You can also allow people to make changes to the schedule without signing in at all. However, you then have no way to block mischievous activity so you should only do this if you are confident that won’t happen, for example because you used the IP address filtering options earlier. If you allow people to make changes without signing in, you may also want to uncheck the option “Use email address as login name” on the Access Control page discussed above, to reveal the email field as a separate entry option.
The page automatically prevents you from making illogical choices. For example, if you select that only you can make changes, the option further down ‘Anyone can update bookings’ will get grayed out.
Preventing and dealing with abuse
SuperSaaS prevents search engines such as Google from indexing our schedules. We do this mainly because to a search engine a schedule looks mostly like a bunch of numbers and dates that change from day to day, so it doesn’t give it a proper ranking. An added benefit is that this makes your schedule harder to find for spammers who crawl the web looking for places to register with names like ‘www.cheapmedicine.com’. You are, of course, more than welcome to let Google index your own web page that contains the link to your SuperSaaS schedule. Doing so can help your clients find you, but you also run a small risk of inviting vandals.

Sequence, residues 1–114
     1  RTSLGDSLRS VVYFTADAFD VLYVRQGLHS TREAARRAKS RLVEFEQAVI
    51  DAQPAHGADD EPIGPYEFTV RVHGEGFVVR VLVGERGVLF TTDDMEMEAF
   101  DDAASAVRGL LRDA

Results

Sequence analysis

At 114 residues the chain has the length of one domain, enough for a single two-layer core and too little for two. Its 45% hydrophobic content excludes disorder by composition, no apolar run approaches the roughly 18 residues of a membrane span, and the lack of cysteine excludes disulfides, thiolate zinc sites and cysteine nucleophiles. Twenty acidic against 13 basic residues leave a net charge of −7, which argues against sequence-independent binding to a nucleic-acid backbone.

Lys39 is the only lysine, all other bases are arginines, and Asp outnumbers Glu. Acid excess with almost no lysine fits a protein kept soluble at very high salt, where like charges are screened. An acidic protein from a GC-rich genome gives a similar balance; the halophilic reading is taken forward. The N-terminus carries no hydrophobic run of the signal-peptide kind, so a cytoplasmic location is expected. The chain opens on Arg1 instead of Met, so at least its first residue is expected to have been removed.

In practice most spammers are already deterred if they are required to sign up for something, so the first thing you can do is requiring registration. If abuse still becomes a problem you can simply switch on the option “Send a confirmation email with a link the user has to click before he can log in” on the Access Control page. This should solve most cases but it is a minor extra hassle and has a small risk that some people will have trouble getting the email through their spam filter.
If someone who signed up misbehaves you should not delete his account, since that would allow him to re-register, instead you can block his account in the user management section that you can find in the right-hand menu on the dashboard. By clicking the spyglass icon next to an entry you can see all the activity of that user so you can quickly undo any damage that has been done.
Once you have configured the access controls you should test if the system behaves as you expect when someone other than you logs in.
Next chapter: Test what you have built